The BDC Reporter has no view on the Outperform or on the $17 price target because we don’t understand how to use them, but both suggest KBW has its thumbs up for HTGC. We do agree that Sungevity will be written down in IQ 2017 because, in the interim, the troubled solar installer has announced that the bankruptcy court has approved the sale of the company for $50mn to Northern Pacific and….HTGC. The two groups will forgive debt in return for a controlling equity stake in Sungevity. Northern Pacific was the “stalking horse buyer ” for Sungevity in Chapter 11 from the outset. As so often happens in these situations where there already is a willing buyer with an existing loan interest in a busted company, Northern Pacific and HTGC ended up being the only potential buyers out of bankruptcy. A planned auction was canceled as a result.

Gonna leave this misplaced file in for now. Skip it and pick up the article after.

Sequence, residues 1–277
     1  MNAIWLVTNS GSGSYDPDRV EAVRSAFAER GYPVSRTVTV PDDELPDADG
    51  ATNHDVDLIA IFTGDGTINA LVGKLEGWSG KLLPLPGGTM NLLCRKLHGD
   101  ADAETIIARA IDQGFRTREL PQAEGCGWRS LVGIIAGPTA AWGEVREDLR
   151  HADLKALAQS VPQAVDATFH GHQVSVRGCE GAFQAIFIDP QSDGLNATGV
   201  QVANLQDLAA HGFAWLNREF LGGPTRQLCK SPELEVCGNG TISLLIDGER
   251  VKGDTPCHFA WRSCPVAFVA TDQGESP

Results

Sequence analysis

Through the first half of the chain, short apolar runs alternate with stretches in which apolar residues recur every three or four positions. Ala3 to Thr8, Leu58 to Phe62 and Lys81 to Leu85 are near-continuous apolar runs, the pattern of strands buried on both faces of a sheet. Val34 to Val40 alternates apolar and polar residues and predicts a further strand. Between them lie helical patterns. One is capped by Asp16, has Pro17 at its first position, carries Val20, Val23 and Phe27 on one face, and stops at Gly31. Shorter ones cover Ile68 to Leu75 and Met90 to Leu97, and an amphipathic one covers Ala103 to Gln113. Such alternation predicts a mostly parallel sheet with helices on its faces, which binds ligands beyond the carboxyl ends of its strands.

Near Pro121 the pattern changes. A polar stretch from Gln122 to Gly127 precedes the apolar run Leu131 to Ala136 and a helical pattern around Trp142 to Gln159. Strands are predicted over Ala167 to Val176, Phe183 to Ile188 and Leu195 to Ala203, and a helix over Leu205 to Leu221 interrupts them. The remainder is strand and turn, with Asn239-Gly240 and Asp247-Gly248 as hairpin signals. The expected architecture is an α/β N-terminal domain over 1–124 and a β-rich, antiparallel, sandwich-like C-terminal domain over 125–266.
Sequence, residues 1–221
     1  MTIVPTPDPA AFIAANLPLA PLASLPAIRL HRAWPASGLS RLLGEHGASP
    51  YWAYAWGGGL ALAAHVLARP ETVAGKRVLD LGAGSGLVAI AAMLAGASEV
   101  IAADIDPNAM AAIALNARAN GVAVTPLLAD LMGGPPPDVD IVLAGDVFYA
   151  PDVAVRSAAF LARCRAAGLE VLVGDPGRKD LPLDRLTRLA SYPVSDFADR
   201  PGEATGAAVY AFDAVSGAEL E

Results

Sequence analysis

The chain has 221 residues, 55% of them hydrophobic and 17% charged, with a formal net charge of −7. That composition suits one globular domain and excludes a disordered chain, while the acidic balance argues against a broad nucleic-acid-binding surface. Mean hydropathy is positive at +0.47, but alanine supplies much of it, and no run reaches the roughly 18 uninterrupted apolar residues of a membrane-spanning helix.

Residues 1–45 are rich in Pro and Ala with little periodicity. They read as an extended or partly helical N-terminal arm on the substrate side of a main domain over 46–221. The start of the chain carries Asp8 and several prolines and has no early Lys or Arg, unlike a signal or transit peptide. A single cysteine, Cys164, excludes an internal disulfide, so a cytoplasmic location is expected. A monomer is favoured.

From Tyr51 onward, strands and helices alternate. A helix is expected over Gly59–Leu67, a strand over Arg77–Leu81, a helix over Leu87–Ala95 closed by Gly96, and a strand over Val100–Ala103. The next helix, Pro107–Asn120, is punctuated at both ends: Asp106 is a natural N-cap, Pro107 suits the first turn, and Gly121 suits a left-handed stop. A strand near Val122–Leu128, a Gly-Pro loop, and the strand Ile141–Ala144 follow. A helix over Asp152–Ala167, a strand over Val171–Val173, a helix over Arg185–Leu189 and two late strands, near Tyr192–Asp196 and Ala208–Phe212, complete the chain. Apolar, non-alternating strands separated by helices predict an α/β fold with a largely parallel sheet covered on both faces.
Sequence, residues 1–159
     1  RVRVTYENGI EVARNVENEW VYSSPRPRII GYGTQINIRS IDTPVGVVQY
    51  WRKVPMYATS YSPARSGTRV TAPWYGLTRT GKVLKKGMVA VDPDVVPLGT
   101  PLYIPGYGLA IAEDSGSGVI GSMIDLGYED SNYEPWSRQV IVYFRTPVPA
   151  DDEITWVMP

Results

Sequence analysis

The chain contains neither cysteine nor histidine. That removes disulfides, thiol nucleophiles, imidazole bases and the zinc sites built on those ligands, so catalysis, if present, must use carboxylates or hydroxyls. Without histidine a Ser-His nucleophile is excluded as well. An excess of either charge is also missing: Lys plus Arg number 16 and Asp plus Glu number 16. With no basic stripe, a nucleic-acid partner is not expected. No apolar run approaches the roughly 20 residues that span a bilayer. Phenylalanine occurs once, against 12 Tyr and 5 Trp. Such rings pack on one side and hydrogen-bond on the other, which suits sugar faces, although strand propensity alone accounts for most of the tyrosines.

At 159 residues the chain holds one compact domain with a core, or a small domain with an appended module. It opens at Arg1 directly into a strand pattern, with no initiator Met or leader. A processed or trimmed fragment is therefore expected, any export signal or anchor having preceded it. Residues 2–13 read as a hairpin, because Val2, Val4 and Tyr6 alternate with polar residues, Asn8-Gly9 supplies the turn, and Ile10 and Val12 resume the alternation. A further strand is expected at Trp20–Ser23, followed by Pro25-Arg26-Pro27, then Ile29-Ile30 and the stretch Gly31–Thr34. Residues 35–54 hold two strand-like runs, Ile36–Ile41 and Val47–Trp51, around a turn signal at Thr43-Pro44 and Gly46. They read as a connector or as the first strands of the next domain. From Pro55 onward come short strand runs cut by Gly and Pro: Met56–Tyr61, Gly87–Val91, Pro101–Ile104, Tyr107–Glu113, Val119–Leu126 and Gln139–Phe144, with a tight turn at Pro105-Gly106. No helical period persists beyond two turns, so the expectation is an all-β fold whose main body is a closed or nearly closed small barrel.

We’d like to tell you we know the entire picture, but we don’t as yet. A press release says Sungevity had $146mn in debt, and $26mn in tax and unsecured trade debt. Given that HTGC had invested $68mn before Sungevity collapsed, it’s clear the BDC was a major creditor. However, we don’t know how the new capital structure will look like, but expect most of the debt to convert to equity; some amount of new capital to be injected to repay a nominal amount needed trade creditors and pay for costs, and second lien lenders to be wiped out. (Apparently MMA Energy Capital LLC,which stepped up with $10 million in second-lien loans in the fall of 2016, may lose its investment, says Dow Jones Newswire).
Don’t get too excited about that $50mn bid either. The amount includes a $20mn Debtor In Possession loan made last month after entering Chapter 11 – advanced by Northern Pacific and HTGC – to keep the business operating.